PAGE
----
What's a 'Safe' Amount of Sorbitol?
The FDA requires a warning label on a product with sorbitol if the manufacturer thinks the consumption would exceed 50 grams a day, according to an FDA spokesperson.
But levels under 50 grams of sorbitol daily may cause problems for some people, says Patti Truant, a spokeswoman for the Center for Science in the Public Interest in Washington, D.C. In 1999, the center petitioned the FDA to require a better label on sorbitol-containing products, noting that problems such as diarrhea can occur with as few as 10 grams a day of the sweetener.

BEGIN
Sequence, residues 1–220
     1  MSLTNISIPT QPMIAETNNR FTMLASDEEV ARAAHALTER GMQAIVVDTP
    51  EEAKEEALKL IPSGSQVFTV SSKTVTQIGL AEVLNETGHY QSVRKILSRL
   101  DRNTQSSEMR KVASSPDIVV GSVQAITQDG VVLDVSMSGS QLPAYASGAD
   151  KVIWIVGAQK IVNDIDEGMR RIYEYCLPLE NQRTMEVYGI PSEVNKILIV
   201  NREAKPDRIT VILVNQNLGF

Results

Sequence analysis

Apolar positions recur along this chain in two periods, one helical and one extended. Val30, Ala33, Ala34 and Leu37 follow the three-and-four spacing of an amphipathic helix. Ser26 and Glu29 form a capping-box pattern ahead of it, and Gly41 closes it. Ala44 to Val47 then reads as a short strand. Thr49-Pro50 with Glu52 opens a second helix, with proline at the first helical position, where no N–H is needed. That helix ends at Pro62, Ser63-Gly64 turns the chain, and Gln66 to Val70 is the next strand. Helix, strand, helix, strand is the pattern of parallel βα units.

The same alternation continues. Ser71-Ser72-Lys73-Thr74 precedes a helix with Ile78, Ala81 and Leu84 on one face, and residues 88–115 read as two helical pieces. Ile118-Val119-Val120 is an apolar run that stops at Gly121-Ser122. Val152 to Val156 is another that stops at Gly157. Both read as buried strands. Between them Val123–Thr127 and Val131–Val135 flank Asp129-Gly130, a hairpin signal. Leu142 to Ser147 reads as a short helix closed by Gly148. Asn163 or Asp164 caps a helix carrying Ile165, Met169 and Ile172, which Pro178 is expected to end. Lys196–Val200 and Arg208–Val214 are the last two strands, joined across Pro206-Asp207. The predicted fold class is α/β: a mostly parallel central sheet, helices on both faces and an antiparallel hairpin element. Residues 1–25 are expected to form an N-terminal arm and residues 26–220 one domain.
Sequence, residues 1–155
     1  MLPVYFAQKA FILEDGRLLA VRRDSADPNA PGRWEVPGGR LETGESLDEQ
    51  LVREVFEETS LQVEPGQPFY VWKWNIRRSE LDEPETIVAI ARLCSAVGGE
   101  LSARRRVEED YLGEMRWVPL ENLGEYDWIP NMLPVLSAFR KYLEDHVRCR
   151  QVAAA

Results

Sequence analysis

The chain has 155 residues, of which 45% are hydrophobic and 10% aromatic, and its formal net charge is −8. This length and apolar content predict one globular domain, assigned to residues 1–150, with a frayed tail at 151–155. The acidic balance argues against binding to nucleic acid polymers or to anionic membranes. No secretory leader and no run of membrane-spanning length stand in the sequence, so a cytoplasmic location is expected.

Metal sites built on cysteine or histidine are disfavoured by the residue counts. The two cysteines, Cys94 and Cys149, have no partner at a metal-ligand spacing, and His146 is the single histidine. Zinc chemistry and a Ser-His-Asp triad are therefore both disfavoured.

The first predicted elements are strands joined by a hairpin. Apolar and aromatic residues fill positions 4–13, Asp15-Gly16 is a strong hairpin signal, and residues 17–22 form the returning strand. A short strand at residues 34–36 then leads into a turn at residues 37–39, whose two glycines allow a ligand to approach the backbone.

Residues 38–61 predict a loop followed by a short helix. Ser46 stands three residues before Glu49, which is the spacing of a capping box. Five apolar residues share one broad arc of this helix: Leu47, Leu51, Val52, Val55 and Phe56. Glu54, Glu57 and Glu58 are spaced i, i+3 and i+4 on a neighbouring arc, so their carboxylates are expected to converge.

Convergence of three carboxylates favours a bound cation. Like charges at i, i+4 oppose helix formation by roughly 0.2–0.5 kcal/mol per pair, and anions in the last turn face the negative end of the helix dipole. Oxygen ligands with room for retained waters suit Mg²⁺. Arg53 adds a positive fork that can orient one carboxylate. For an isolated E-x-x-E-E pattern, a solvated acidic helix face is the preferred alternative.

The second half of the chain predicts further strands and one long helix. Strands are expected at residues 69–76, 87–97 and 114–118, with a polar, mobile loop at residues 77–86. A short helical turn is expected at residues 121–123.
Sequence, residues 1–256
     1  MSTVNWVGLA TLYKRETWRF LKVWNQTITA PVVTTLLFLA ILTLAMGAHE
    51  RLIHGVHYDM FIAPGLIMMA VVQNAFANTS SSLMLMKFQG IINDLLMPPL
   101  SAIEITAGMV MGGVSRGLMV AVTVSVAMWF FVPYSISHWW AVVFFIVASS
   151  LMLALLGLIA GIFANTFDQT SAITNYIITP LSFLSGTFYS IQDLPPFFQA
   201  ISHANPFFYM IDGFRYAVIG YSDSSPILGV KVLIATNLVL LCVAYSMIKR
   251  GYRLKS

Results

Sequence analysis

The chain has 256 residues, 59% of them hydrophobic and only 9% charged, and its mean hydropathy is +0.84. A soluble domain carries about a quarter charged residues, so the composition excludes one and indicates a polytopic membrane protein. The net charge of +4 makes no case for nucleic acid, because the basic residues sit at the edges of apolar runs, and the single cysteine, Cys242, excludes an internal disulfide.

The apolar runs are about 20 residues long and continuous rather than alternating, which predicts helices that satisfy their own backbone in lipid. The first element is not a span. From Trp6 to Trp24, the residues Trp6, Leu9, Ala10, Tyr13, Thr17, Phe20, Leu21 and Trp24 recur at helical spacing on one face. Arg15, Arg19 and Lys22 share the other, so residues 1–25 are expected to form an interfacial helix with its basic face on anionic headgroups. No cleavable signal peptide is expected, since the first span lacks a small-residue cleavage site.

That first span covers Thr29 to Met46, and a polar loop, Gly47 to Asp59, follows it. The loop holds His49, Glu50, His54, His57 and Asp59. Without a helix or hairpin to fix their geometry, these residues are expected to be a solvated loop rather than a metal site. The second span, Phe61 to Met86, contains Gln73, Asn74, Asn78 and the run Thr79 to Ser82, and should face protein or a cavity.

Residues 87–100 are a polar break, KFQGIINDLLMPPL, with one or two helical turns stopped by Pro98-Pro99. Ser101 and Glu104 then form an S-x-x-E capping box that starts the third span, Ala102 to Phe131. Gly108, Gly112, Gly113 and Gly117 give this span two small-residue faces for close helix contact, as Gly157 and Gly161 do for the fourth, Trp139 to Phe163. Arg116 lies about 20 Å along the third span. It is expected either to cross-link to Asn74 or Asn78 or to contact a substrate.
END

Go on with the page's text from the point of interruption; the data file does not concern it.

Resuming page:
Sorbitol Manufacturers Respond
The cases reported in BMJ involved excesses, says Chris Perille, a spokesman for the William Wrigley Jr. Company, which makes chewing gum containing sorbitol (including its brands Extra, Orbit, Freedent, and Eclipse).
"To reach the threshold of excessive consumption of sorbitol through use of gum alone [at levels set by the FDA], someone would have to chew close to 50 sticks or 100 pellets of gum daily," he says. In the U.S., he adds, the average per capita gum consumption is just one stick every other day.
The ingredient is safe and effective "when used as directed," adds Tonia Elrod, a spokeswoman for Procter & Gamble, the manufacturer of Crest toothpaste, which contains sorbitol.